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Campaign for Forgotten Victims of Domestic Abuse Launched
The five foot high list promotes the messages of the Welsh Government’s campaign to help raise awareness and challenge attitudes towards domestic abuse in Wales. The list features the Christmas wishes of a brother and sister who simply want the violence they see at home to stop.
The devastating effects of domestic abuse on adults are well documented. Far less is reported about the impact it has on children who witness a parent or care-giver being subjected to violence. These children – the forgotten victims of violence in the home – are the focus of this latest campaign.
The First Minister of Wales, Carwyn Jones, was on hand to launch the campaign alongside the Children’s Commissioner for Wales, Keith Towler.
Carwyn Jones said:
“The Welsh Government is committed to tackling all forms of domestic abuse. While we have come a long way in tackling this heinous crime, I recognise that more needs to be done and by working with our partners we will make the victims of domestic abuse and their children safer.
”I am sure that the additional 500 Community Support Officers the Welsh Government is putting in place as one of the top commitments in its Programme for Government will play their part in this crucial area of work. These additional CSOs will play a crucial role, working as part of a wider policing team. They will be highly visible in their communities, engaging with people, providing reassurance and tackling a range of issues with partners and community organisations – including anti-social behaviour, domestic abuse and wider criminal activity."
‘Live Fear Free’ is the latest campaign to be launched by Welsh Government as part of its ongoing ‘Right to Be Safe’ agenda. The campaign’s website – www.livefearfree.org.uk – includes information on how to seek help along with two high-impact videos focusing on sexual violence against women and the effects of domestic abuse on children.
Children’s Commissioner for Wales, Keith Towler said:
“It’s encouraging that the Welsh Government is now looking at domestic violence from the child’s perspective because often they are the forgotten victims.
“These are very vulnerable children and young people who have a right to be kept safe. Those who witness abuse in the home need to know they don’t need to suffer in silence – there is support available to deal with their immediate situation and advice on how to protect themselves from becoming tomorrow’s adult victims.”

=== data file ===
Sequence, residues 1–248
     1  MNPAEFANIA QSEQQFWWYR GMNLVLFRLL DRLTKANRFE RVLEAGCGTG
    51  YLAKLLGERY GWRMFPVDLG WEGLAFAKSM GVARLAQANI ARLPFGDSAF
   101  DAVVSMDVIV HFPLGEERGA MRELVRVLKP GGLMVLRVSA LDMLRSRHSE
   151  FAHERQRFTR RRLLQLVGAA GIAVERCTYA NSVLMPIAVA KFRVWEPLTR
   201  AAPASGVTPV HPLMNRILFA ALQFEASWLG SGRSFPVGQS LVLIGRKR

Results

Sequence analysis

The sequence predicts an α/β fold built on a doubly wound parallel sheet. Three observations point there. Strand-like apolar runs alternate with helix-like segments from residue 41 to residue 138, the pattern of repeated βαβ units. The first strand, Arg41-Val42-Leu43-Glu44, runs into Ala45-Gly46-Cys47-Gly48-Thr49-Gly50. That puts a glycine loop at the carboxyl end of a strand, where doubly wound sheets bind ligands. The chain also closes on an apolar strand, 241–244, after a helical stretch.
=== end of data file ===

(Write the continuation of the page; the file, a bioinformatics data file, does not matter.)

Welsh Women’s Aid estimates that as many as 150,000 children and young people are affected by domestic abuse in Wales at any one time. Research has also shown that, in 9 out of 10 cases, children and young people are present in the home when abuse is taking place.
Children can experience both short and long-term effects as a result of witnessing domestic abuse, and each child will respond differently to the trauma.
NSPCC national head of service for Wales, Des Mannion, said:
“Every year thousands of children are the hidden victims of domestic abuse. The abuse can be perpetrated by men or women and experienced by children in many different ways. They may hear the abuse, witness it happening, see their parent's injuries or be coerced in to bullying the victims as well.
“We also know that children living in these homes are significantly more likely to experience physical abuse themselves so it is vital that these families receive the right support.”
A range of services are available across Wales to provide practical and emotional support in response to domestic abuse. For information about these services available please contact the All Wales Domestic Abuse Helpline on 0808 80 10 800. Children and young people seeking help can ring Childline on 0800 1111 while adults worried about the welfare of a child or young person can contact the NSPCC Helpline on 0808 800 5000.